Join Aaron Quigley for an in-depth discussion in this video Increasing student digital skills, part of Teaching with Lynda.com.
- Helping our students prepare for the real-world should be a subtle part of every educational experience, but sadly, that's not always the case. I read a great tweet by Sage Boggs, this most recent tax day, it said, "I'm glad I learned about parallelograms, "instead of how to do my taxes. "It's really come in handy this parallelogram season." Now, while I personally think there are some great benefits from learning geometry, I think this serves as a reminder about what we are ultimately preparing our learners for, and sometimes we forget the bigger picture of helping our learners be ready for what comes after the classroom, and that's their careers.
Today's jobs are more technologically demanding than ever before. Not only is more technology being used in careers today, technology is also growing at a faster rate. This year's hot new software program will most likely be completely different next year. As educators, we can help prepare our students to be successful in the high-tech digital workforce by creating classroom environments that utilize the same skills and tools as common workplaces, and also by showing students how to be self-motivated learners. Cultivating digitally savvy students doesn't have to detract from your core learning objectives.
In fact, if done properly, it can even free up some classroom time for more active learning. A good first step is simply exposing our learners to digital resources, such as Lynda.com. Being a good digital citizen, in part, requires the ability to sort out what is a good resource from all of the bad ones, and encouraging students to use resources like Lynda.com, over whatever may appear in their Google search results, is the same as encouraging them to use scientific journals instead of Wikipedia. Lynda.com courses are carefully curated, and taught by industry experts, so students can be confident that they're learning from the pros.
Making these courses available to students may not be enough motivation to get them utilizing these skills. So, here's a few ideas to consider that can make sure students are leaving your classroom with more technical knowledge than when they started. First, incorporate technology as a form of assessing students. Instead of having them always write a paper, why not have them visualize their learning by creating a PowerPoint, a Keynote, or even a Prezi? You can link to the Lynda.com courses for these tools, along with the assignment. That way students have the resource, as well as what's expected of them.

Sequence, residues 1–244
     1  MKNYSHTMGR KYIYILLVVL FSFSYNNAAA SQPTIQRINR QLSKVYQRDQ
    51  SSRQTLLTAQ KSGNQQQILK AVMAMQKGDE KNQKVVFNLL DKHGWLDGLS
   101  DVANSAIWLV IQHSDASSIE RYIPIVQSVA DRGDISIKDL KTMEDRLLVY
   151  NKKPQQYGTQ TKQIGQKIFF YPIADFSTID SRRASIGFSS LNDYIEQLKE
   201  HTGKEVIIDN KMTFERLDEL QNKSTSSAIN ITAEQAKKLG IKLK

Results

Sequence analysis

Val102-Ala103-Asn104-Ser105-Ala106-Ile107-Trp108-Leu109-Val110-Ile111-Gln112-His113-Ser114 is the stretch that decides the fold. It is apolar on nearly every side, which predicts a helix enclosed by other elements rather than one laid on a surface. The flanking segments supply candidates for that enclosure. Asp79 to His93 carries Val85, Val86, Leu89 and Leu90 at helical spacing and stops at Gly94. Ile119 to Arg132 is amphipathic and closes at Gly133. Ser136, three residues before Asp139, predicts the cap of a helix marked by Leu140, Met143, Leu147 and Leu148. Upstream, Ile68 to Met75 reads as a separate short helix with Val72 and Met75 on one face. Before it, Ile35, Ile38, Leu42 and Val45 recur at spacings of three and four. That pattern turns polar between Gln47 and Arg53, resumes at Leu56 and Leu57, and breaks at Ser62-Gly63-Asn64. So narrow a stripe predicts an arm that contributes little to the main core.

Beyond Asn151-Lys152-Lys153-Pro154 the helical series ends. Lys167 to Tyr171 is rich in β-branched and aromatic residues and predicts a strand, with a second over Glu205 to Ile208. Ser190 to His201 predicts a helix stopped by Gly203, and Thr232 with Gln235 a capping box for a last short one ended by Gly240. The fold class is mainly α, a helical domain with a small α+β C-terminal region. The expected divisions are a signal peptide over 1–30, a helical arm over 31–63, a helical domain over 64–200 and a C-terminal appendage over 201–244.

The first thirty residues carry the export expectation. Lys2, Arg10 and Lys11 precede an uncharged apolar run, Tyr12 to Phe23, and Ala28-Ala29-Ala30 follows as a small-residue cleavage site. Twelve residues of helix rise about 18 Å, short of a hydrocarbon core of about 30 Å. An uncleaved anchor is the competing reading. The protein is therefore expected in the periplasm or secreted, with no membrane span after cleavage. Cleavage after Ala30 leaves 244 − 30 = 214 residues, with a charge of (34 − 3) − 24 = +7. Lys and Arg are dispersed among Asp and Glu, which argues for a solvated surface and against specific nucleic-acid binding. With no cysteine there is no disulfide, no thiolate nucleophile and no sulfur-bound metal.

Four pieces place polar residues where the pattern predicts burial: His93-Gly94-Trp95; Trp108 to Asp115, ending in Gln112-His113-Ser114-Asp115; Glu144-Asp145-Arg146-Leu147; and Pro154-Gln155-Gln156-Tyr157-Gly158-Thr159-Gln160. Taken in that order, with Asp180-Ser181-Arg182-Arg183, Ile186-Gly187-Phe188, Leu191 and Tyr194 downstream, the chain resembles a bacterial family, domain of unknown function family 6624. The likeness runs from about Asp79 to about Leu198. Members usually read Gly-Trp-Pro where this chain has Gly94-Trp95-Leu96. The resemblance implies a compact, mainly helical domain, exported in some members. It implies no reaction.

Second, utilize digital communication tools to streamline your classroom communication, and increase group participation. Many learning management systems offer the ability to create student groups, and using digital cloud sources, like Google apps, or SharePoint, can allow students to collaborate on learning projects the same way many professionals collaborate in the workplace, and increasing digital communication through email, Slack, or your LMS, can make sure students have access to core course information, anytime they have access to the internet.
Often, you can even accomplish this by using tools your students are most likely familiar with, such as Facebook, and Twitter. Be sure to check out Social Media in the Classroom course for a deeper dive into using these social tools with your learners. Finally, while not right for all educators, I encourage you to become a paper free classroom. Think about everything that you print, ask for students to print, or pass out, that's a paper-based resource. Could you move these to a digital format? Now, using tools like Lynda.com, you can introduce the digital textbook, and using your learning management system, you can collect, grade, and comment on student work.
Also, if you use a communication system that's digital, such as your LMS, or even Twitter or Facebook, you can make sure students have 24/7 access to what's required of them to be successful in your classroom, and think about how well your classroom teaching is preparing students for success in their next play.
Use the knowledge checks and Lynda.com's built-in note-taking tool to practice what you've learned and remember ideas for your own teaching practice.
- Finding courses in the Lynda.com library
- Refreshing student skills
- Extending learning with a flipped classroom
- Supplementing Lynda.com training with your own videos
- Increasing digital skills
- Mapping curriculum to skills
- Creating learning playlists
- Assessing student learning
- Adding Lynda.com content to Canvas and Moodle